I: Spring has almost sprung, hasn't it?
S: Well, I tell you. .most of these homes you see around here, though, people
really worked for. They had desires.
I: Tell us about that. i L -0 r-__
S: --- -------have to be packing up and go. Well, some people, now, they
had, we have people here in Pembroke have homes and property. Some of them
inherited it. Their parents worked hard for it. And we have peqie in Pembroke
that have real nice homes; they're in debt up to their ears, just like I am.
I don't have a big one--but it's pretty good. But I'll be paying on it. .
I: It's got electric lights, a toilet that flushes. it's got the same thing
that millionaires have, maybe not in the same standing.
S: I think it seems to. .uh, people have the desire to get out of these shacks
and stuff they do something about it. Now. .my house, the home I was.born and
raised in .you could uh, lie in bed and count the stars at night. and look
outside look through the cracks in the house and see the chickens running around
out in the yard.
I: I heard this. many people, .
S: But I didn't inherit anything. no land, no house, no nothing. About all @F
--.-could do was get --2-_f--------. But when I got out of service
I spent all the mustering out pay and got married. Then took it from there.
I: I know you consider that a good investment. it's lasting. or do you,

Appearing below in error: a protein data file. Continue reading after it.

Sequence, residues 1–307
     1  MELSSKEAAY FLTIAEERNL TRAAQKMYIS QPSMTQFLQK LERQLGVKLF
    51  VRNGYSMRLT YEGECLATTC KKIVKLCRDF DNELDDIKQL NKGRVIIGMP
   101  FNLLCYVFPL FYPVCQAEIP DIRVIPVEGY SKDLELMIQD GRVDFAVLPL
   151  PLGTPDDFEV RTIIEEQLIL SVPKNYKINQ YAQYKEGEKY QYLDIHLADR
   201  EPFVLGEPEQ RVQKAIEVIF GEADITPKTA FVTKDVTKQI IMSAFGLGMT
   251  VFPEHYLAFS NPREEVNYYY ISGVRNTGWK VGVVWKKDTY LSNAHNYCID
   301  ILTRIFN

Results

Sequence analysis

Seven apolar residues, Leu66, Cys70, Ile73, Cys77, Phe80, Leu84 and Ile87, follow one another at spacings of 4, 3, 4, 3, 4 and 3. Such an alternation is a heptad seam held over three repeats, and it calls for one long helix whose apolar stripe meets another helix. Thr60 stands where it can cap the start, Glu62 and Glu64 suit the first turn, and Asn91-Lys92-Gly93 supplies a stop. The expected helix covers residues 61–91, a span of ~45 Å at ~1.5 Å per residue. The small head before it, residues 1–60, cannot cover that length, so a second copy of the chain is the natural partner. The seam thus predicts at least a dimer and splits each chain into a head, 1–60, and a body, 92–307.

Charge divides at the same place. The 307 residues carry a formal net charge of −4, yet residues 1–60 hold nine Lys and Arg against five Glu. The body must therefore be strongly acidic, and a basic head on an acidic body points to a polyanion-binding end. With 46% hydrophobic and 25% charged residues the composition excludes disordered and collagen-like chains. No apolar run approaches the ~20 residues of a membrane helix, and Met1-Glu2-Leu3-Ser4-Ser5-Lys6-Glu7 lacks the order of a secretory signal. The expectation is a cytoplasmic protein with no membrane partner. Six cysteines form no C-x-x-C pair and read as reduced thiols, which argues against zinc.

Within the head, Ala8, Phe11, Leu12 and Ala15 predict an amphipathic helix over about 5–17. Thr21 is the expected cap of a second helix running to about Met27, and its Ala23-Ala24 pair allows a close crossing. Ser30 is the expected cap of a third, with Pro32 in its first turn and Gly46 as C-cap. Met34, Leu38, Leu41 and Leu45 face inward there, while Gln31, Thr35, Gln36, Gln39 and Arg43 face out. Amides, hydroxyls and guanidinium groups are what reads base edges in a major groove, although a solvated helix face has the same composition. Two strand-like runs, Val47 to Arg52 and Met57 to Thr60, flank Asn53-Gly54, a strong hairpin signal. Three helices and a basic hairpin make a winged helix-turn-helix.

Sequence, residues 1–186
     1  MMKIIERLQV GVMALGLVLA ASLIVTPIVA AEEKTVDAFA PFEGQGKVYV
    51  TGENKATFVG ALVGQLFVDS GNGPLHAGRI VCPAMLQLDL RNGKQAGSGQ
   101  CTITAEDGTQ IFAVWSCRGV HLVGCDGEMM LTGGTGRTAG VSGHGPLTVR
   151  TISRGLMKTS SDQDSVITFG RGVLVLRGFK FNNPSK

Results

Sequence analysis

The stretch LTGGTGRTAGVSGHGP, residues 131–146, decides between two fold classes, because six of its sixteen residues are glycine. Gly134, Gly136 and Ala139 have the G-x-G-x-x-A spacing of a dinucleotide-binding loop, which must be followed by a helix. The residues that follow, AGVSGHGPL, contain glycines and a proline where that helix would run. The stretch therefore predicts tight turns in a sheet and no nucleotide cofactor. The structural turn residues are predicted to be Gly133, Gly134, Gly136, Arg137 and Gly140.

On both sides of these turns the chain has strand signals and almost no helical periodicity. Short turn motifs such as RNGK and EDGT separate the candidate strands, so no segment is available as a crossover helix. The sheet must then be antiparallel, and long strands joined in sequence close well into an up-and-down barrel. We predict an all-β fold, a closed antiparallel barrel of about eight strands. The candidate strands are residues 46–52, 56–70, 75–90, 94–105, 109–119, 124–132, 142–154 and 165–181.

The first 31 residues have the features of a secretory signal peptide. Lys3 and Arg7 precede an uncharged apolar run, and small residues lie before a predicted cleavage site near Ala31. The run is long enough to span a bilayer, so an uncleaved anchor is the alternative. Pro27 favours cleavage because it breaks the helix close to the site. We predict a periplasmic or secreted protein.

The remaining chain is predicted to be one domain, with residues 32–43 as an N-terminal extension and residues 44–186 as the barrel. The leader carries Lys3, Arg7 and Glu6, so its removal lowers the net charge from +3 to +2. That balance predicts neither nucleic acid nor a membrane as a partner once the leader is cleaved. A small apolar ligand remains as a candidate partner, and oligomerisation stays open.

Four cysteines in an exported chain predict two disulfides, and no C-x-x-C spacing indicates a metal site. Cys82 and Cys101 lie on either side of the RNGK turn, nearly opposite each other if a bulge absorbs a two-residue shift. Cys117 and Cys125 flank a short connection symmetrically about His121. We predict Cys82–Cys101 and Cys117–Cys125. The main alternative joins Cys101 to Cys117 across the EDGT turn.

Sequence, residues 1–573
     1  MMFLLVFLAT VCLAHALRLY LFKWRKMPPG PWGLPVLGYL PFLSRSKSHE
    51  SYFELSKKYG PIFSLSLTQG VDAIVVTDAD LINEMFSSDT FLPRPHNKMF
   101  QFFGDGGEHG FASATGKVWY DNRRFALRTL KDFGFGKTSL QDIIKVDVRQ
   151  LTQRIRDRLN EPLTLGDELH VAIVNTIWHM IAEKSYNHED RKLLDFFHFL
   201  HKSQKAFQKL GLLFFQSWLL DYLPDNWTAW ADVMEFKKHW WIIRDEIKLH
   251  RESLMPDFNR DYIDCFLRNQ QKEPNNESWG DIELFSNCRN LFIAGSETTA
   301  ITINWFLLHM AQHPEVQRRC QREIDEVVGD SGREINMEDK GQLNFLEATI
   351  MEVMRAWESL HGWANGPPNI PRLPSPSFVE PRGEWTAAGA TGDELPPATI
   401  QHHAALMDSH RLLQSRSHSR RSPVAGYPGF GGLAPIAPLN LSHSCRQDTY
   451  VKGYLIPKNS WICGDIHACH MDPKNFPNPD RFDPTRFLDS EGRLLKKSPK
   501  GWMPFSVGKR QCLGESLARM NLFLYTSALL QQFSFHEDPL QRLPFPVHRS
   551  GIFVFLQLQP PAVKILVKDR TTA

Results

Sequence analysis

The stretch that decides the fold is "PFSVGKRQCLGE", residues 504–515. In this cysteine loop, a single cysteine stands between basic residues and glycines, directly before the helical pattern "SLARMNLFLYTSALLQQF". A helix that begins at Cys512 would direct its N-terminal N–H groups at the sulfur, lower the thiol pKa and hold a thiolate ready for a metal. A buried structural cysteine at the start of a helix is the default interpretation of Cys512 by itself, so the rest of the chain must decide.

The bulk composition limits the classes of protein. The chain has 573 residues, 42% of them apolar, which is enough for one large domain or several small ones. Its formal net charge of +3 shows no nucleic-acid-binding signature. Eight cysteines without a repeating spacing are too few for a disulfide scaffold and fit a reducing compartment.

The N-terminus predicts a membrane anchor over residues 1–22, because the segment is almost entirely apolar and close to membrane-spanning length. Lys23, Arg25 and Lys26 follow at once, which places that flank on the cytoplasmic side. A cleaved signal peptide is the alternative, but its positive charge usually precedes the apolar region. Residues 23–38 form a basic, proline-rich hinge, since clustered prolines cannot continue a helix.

do you not. is marriage a good institution. ? Some of the young people say
it's going out of style. How do you feel?
S: I don't think it's going out of style. I think they'll eventually come around
and see that .they'll eventually come around. they'll wake up one of these
days. Now, uh, I grant you that possibly some people get married and maybe
they shouldn't have, but, I think that marriage is a good institution. I don't
see how in the world we can do without it.
I: I believe you said you-had a son, did you not?
S: Uh, yes, I have a son.
I: What is his age?
S: Let's see. he's 27. 26. About 26. .
I: Is he in school or service?
S: He was in school here for a while til he got married.
I: That slows you down.
S: He's working somewhere there in Lorenburg. And a daughter, Kay. She'sabout
23 now I guess. She's married. She's been married about a year. She was
working down at Greengrove. no Partegrove School. She used to do secretarial
work up at Pembroke High School. But, uh, right now, though, she quit. Monday
went down here to Peggy's Nursery.